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Teaching Formal Logic

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  1. Lessons
    Lesson 1: Teaching Logic Restfully with Rigor (Preview Content)
    4 Topics
    |
    1 Quiz
  2. Lesson 2: Logic as a Core Discipline (Preview Content)
    3 Topics
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    1 Quiz
  3. Discussion: Logic in One's Life and Study (Preview Content)
    2 Topics
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    1 Quiz
  4. Lesson 3: Formal Logic vs. Informal Logic
    4 Topics
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    1 Quiz
  5. Lesson 4: The Classical Origin and Medieval Recovery of Logic
    4 Topics
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    1 Quiz
  6. Lesson 5: Formal Logic and the Three Acts of the Mind
    4 Topics
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    1 Quiz
  7. Lesson 6: Translating Arguments into Categorical Form
    4 Topics
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    1 Quiz
  8. Lesson 7: Relationships of Opposition
    4 Topics
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    1 Quiz
  9. Lesson 8: Relationships of Equivalence
    4 Topics
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    1 Quiz
  10. Lesson 9: Categorical Syllogisms
    3 Topics
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    1 Quiz
  11. Lesson 10: Determining Validity of Syllogisms
    3 Topics
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    1 Quiz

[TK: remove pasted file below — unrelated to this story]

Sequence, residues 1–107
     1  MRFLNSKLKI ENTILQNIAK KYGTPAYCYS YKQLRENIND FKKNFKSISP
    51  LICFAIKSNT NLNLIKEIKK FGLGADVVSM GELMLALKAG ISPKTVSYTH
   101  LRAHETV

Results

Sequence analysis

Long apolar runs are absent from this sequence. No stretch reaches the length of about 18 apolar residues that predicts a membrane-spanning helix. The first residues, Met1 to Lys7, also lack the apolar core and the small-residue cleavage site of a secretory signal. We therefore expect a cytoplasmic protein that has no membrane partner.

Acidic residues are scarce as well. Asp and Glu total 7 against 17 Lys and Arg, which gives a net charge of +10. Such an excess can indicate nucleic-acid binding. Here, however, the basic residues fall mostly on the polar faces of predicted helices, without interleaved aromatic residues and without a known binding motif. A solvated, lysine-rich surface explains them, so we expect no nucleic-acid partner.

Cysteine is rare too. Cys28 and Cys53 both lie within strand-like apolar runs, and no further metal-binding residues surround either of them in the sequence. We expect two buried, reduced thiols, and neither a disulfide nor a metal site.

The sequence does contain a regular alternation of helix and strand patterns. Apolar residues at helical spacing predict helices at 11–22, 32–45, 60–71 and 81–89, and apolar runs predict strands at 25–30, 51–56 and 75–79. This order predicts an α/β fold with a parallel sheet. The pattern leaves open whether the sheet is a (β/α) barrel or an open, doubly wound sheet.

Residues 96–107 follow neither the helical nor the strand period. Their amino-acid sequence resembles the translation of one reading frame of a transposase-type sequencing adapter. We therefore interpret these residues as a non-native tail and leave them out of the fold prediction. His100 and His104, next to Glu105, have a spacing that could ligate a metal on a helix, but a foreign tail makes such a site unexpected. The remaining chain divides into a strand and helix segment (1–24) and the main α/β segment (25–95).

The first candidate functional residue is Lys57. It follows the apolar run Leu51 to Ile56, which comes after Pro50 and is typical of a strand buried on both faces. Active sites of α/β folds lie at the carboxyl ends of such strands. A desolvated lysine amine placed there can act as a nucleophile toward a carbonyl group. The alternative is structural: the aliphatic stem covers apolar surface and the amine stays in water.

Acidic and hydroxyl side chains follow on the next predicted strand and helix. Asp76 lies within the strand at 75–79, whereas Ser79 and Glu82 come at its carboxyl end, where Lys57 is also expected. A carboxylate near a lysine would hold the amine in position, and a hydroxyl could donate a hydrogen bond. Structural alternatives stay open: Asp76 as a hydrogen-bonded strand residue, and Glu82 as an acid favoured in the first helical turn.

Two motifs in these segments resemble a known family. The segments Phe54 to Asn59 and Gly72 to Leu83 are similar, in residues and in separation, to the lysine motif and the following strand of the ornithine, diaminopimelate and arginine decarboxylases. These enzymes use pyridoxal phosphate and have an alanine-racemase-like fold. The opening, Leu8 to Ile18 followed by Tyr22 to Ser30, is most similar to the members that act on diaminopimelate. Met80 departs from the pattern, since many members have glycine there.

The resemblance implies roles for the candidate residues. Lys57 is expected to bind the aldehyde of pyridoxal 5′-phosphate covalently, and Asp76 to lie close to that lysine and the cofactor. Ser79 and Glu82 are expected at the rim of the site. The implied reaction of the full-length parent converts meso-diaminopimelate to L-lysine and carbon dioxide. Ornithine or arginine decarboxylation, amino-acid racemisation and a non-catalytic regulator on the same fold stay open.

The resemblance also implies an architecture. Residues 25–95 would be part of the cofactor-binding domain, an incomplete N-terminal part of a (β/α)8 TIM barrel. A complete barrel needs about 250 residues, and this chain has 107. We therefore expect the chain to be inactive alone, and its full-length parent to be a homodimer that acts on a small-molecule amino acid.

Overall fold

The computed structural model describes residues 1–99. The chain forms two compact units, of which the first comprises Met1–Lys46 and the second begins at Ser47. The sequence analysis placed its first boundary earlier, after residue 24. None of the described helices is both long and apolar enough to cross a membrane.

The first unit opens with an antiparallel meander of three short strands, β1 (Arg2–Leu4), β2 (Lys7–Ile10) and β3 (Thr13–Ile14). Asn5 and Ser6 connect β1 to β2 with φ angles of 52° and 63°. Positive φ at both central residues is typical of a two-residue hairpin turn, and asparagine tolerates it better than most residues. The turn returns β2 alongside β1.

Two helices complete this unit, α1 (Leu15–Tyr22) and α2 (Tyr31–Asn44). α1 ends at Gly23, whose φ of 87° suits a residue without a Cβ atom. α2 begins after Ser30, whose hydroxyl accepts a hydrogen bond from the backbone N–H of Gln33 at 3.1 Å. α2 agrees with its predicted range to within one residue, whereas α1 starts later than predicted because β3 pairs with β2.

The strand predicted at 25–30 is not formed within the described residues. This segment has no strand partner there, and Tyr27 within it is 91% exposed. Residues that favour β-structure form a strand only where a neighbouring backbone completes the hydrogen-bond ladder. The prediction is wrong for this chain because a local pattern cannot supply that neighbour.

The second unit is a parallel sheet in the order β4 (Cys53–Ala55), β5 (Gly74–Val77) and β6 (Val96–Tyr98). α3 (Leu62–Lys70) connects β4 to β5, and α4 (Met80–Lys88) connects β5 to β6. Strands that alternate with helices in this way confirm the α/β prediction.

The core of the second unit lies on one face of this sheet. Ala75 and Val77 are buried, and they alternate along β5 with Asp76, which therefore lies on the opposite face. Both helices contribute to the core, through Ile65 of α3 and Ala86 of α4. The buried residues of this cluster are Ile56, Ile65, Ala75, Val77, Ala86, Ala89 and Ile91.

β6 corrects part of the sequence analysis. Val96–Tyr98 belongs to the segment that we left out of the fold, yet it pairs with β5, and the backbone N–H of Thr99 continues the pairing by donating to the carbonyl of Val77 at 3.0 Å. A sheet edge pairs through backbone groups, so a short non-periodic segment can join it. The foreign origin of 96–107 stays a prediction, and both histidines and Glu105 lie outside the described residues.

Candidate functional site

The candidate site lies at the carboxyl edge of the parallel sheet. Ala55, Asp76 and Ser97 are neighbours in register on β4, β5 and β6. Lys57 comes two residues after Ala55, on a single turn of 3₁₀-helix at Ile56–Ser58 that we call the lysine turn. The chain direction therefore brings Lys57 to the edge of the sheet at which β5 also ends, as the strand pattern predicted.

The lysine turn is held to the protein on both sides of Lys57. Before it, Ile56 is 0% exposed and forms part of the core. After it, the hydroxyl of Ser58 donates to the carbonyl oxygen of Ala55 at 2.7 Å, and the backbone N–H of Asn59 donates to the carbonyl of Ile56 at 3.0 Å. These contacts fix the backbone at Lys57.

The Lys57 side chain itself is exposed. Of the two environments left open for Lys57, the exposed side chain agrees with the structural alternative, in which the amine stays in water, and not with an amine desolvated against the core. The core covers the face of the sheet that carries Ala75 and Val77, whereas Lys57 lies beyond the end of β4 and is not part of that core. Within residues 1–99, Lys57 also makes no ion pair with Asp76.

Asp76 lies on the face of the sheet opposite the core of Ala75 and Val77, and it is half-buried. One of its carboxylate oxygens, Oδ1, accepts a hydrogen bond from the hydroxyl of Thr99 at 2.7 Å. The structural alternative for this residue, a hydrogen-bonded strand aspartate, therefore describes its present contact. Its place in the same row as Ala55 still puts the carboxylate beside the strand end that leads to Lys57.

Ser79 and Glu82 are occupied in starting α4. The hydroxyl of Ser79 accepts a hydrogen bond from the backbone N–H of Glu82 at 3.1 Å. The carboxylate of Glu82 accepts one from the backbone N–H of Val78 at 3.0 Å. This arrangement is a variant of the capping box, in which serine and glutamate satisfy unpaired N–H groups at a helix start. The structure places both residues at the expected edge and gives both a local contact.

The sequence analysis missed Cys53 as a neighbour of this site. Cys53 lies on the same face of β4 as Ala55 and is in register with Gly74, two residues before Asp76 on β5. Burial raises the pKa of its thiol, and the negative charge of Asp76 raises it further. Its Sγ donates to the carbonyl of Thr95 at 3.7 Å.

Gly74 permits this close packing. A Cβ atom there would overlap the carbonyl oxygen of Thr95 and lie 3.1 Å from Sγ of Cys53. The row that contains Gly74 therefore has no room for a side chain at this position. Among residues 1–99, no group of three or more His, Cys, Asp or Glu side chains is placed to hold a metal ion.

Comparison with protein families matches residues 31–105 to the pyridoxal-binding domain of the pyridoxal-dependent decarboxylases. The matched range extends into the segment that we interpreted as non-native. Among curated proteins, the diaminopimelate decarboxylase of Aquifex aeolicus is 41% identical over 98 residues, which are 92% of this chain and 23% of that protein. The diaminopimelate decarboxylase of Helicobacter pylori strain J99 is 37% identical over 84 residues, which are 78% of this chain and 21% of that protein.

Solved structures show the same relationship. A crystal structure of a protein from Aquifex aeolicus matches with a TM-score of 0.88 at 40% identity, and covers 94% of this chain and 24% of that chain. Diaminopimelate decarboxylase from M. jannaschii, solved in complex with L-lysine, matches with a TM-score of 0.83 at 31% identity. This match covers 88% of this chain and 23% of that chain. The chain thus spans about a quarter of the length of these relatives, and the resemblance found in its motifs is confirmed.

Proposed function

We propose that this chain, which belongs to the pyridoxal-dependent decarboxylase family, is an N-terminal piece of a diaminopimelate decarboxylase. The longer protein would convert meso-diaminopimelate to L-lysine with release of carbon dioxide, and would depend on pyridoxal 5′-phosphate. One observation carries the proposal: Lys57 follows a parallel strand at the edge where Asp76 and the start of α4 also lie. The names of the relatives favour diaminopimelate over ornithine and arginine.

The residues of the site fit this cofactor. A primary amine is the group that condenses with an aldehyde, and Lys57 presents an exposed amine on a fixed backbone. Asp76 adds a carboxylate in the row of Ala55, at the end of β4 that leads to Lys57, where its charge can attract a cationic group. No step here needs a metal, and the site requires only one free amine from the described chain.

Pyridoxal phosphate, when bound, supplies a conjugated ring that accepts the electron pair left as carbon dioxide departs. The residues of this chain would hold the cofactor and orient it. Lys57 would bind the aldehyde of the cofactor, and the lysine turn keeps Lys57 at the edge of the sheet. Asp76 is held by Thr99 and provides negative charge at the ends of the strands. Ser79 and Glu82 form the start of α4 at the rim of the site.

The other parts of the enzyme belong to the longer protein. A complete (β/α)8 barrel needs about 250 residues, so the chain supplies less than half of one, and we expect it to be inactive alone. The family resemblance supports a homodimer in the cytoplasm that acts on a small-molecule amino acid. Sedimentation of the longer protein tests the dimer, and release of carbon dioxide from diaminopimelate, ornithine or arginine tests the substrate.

12. Lesson 11: Terms and Definitions
    3 Topics
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    1 Quiz
  13. Lesson 12: Developing the End-of-Year Project
    4 Topics
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    1 Quiz
  14. End of Course Test
    End of Course Test: Formal Logic
    1 Quiz
Lesson Progress
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I. Human Nature Revealed in Logical Thinking
(1) What are the primary ways humans are distinct from other creatures, and from technology, that can mimic aspects of the three acts of the mind?
(2) Considering the “average” dialectic-level student, which of these three acts will provide the most significant struggle for consistent application?
(3) Do you think your students “know” themselves well enough at this level of introspection to be able to cognitively learn this information? Are they capable of directly applying their thought/term/proposition/argument development in and outside of this course?

II. The Act of Simple Apprehension Given: The ultimate goal in this course is valid syllogism construction; the ability to accurately and consistently apply the concepts of simple apprehension is required for mastery.
(1) Given that, how does vocabulary development play a role in formal logic?
(2) Given that, how does having a “well-stocked mind” factor into simple apprehension?

III. The Act of Judgment, Class, Inclusion, Forming Propositions
As Adler and Van Doren state, “you will need to give some answers to the truth and significance” of a concept/content. Only after truth and significance have been determined can terms accurately relate and propositions be formed. Given that, how well do you think your students can accurately judge the content they encounter?

IV. The Act of Inference, Building Arguments, Drawing Conclusions
The act of inference is the basis for developing thesis statements, arguments, and drawing conclusions—all of which rests on the students’ ability to accurately understand and judge content. Given that, describe the significance of mastering formal logic in relationship to all other disciplines.